Face the Music: Vocal Band Hits the Right Note
When you see the all-vocal rock band Face, your first job is to lose all preconceptions of a cappella music. Forget old-time gospel-hour tunes. Ix-nay on boat hats, candy-striped shirts and suspenders. In fact, if you check out the singers’ website to form an expectation, you won’t find the phrase “a cappella” anywhere. That’s because this sizzling group of seven guys just might be the original a cappella iconoclasts, busting the typical image to smithereens as they create a sound and style all their own.
“When people start thinking a cappella, their brain goes in a certain direction: doo-wop, vocal jazz, gospel or college a cappella,” says Mark Megibow, a former drummer and now Face’s vocal rhythm section (beat-box). “But that’s not what we’re doing.
“I start by saying we’re an all-vocal rock band, with seven guys using the full range of what the voice can do to create sound, not (just) singing. It doesn’t sound choral, even though (the music is) all coming from the voice.” Clearly, the guys are hitting the right note, because audiences all along the Front Range are packing Face shows night after night. “We’re a live act, first and foremost,” says Megibow. “You listen to our CD, and there’s even a promo (video) you can watch, and it’s a little closer to what we are, but it still doesn’t get the point across. Not until you’re there at the show do you get this … ” He falters.
“We don’t know how to describe it,” he finally admits. “But we don’t question it because there’s something really cool going on. How do we appeal to all audiences, all ages? I have no idea. It’s not something we would have considered that we could do.”
But appeal they do. Teens, young adults, middle-aged, old — every listener becomes a happy vessel for the go-for-it attitude that Face pours into every song.
“Somewhere along the line we realized that we’re reaching people in a very real way, and it’s humbling,” Megibow says. “God, I wish I could explain it in a way that didn’t sound righteous. But every demographic comes up after the show and says to us, ‘You’ve inspired me to … ’ fill in the blank: relearn something I once knew, pick up an instrument, learn (beat) boxing. And it’s happened so many times now that we’ve taken it on as a mission, to share this with as many people as possible.”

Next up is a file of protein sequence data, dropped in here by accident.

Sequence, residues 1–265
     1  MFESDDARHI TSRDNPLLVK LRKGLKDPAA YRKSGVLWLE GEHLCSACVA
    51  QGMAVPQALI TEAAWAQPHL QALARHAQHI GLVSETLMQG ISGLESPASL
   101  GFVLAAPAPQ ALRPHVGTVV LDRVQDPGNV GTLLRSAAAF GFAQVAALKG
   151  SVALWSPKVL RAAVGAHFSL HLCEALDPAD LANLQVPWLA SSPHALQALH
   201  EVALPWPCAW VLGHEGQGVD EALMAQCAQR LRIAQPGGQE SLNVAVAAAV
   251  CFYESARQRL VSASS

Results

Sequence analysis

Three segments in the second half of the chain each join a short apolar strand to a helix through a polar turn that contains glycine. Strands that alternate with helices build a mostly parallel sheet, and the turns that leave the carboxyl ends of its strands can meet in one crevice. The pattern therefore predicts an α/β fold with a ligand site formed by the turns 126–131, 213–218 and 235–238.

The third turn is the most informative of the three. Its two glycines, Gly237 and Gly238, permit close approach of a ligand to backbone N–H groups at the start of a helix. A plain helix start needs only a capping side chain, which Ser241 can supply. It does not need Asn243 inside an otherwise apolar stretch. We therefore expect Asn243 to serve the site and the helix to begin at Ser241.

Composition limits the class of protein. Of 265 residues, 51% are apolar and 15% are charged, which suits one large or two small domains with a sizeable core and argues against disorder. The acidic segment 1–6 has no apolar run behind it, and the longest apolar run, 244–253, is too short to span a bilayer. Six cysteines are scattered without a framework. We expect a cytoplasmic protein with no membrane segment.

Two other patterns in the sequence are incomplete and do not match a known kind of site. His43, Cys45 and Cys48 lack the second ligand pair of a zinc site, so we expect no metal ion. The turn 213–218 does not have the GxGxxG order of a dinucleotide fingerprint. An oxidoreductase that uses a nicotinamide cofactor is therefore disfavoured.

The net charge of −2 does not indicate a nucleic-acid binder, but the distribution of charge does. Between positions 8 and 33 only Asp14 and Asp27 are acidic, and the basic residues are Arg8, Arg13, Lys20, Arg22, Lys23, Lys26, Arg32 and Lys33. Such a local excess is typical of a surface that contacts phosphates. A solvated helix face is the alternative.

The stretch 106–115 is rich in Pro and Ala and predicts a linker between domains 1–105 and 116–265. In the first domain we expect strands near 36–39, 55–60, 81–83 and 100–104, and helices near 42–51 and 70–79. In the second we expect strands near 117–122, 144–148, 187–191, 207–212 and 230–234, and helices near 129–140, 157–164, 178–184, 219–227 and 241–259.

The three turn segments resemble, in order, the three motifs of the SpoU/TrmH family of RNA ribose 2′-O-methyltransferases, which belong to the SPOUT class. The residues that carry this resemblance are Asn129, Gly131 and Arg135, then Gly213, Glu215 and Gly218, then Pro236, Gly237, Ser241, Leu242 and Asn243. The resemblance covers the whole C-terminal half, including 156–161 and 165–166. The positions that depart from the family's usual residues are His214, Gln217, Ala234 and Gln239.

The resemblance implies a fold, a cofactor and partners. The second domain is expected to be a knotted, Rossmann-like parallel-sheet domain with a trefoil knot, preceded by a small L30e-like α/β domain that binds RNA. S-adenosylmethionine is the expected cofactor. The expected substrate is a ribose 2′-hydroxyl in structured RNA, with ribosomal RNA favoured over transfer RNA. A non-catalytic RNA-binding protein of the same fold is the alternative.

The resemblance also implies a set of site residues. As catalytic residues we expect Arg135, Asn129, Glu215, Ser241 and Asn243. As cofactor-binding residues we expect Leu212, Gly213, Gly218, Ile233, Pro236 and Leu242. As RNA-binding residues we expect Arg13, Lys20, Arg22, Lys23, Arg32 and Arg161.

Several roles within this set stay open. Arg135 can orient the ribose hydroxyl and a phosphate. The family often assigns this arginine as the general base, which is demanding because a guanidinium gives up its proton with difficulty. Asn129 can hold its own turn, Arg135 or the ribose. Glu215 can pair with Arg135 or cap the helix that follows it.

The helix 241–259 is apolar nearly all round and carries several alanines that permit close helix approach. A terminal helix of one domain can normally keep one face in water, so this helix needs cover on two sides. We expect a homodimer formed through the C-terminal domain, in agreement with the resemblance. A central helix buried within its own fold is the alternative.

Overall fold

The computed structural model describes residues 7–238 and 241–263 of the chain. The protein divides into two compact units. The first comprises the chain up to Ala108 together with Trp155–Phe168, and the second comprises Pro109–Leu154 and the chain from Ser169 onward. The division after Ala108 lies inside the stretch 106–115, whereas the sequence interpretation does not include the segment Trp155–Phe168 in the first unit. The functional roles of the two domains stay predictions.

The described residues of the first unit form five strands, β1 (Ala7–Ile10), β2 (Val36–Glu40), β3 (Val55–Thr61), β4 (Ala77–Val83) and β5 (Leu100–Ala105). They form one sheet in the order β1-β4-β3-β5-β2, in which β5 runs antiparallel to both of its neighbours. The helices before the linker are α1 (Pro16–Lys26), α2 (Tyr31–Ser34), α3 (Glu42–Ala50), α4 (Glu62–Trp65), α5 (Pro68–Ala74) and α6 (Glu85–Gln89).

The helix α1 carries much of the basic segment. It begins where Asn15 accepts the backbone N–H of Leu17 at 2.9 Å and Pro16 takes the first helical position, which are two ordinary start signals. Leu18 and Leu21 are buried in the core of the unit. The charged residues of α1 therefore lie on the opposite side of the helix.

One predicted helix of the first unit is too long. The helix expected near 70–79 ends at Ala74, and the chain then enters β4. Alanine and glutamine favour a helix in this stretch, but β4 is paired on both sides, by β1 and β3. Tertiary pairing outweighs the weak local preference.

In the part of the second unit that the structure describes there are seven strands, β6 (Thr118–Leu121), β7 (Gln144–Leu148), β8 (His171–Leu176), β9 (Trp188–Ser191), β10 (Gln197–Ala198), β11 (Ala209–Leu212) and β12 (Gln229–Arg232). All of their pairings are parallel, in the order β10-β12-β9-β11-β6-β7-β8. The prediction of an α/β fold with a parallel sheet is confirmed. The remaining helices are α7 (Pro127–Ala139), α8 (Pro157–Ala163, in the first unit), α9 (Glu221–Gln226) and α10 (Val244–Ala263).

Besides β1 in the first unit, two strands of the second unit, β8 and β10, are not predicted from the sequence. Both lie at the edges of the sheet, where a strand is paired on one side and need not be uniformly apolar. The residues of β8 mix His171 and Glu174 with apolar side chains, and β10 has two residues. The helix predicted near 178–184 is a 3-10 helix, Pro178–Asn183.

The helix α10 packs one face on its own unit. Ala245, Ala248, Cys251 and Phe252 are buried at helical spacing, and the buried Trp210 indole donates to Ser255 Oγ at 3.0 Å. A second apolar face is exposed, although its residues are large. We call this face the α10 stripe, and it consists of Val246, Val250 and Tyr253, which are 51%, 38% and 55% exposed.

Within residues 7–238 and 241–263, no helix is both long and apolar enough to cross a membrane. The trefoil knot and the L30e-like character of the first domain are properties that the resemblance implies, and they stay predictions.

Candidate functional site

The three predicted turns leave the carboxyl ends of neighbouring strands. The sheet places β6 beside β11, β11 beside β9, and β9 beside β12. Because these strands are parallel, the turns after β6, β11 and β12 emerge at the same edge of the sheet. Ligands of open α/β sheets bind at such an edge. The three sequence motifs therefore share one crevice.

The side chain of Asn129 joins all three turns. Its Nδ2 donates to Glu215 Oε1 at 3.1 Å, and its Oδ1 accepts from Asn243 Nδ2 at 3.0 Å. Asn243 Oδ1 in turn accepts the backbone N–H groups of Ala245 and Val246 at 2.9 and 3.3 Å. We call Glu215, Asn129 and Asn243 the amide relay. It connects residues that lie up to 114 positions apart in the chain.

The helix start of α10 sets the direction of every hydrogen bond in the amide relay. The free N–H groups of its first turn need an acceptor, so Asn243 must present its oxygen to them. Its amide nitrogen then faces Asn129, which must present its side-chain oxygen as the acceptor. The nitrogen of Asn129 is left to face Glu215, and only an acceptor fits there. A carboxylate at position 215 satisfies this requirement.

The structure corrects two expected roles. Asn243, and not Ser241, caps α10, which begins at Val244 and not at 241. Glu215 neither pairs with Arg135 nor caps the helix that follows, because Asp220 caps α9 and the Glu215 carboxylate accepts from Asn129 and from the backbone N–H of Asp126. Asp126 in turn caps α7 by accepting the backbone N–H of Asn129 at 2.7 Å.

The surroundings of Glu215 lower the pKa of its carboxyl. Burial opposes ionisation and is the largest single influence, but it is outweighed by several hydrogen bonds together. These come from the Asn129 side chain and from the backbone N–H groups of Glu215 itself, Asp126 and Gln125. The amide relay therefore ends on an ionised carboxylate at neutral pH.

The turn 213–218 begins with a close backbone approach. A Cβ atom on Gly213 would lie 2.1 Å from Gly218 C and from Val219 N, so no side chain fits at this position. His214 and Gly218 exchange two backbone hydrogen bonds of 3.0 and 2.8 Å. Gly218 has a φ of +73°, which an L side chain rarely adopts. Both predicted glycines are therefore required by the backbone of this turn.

A consistent partner in Face’s mission is Nissi’s, an intimate performance venue and small-plate bistro opened last year in Lafayette. Under the leadership of owner and booking agent Teresa Taylor, Nissi’s has quickly become a go-to spot for music lovers all over the Denver area — and a favorite venue for top-shelf performers, including Hazel Miller, Pete Wernick, Nelson Rangell, Wendy Woo, Todd Park Mohr and Sonny Landreth.
The nearly nightly acts run the musical range from jazz to bluegrass, acoustic to rock, Celtic to soul. Recently voted Boulder County’s Best Place to Hear Live Music, Nissi’s simultaneously garnered an award for the Best Restaurant in east Boulder County, thanks to its affordable, sophisticated, yet family-friendly menu drawing from the best of Spanish, French and Mediterranean influences. For example, you can share (or keep to yourself) a pizza with fresh pesto and balsamic reduction; seared scallops with truffle oil and greens; Gorgonzola tenderloin with mashed potatoes; or chicken satays with peanut-curry sauce. (Save room for dessert.)
Face performs at Nissi’s about once a month — “They’re the closest thing we have to a house band,” says Taylor — and they’re still selling out three or four weeks in advance.
“But there’s a reason that we keep going back there, and it’s not just because we’re selling out; it’s because we like the venue,” says Megibow. “We’re impressed with everything at Nissi’s, front to back — the extraordinarily friendly people, the great service, the great food, wine and beer. Plus we know our audience is going to get a great experience because of the intimate setting. There’s not a bad seat in the house. The whole thing is just really classy and well done.”
And when tenor Jayson Throckmorton cozies up to a blushing woman in the front row and croons Counting Crows’ “Accidentally in Love,” everyone in Nissi’s enjoys the moment, while the other six musicians create an ensemble of sounds — bass line, harmony, snare beats — that amplify and beautify the goofy, upbeat lyrics. The playful interaction is fun, the music is seamless, the whole room is happy.
These guys have it going on, and their horizon is bright.
“Obviously, we’re all performers, and we all fantasize about being household-word rock stars,” Megibow laughs. “But that would be the gravy. What inspires us is the fact that there’s some kind of magic going on. We so enjoy each other, we so enjoy making music, we so enjoy performing, we so enjoy our audiences, and we have so much fun. That’s what comes across so clearly to the audience, and they become a part of it.”
If You Go
Nissi’s, 2675 North Park Drive, Lafayette, (303) 665-2757.
Bistro hours: 5 p.m. to 10 p.m. Sunday through Thursday, 5 p.m to 11:30 p.m. Friday and Saturday. Happy Hour: 4:30 p.m. to 6:30 p.m. Wednesday through Saturday. Featured music acts: 7:30 p.m. to 9:30 p.m., plus a second show at 10 p.m. on weekends.
For Face concert dates and venues, check out www.facevocalband.com.
Boulder-based freelance writer Elisa Bosley (www.elisabosley.com) covers travel, food, health and other subjects. Her work has appeared in Cooking Light, Sunset, Healing Lifestyles & Spas and other publications.
Face Vocal Band is still performing ten years later, although the group has changed a little bit. See what they have been up to on their website!
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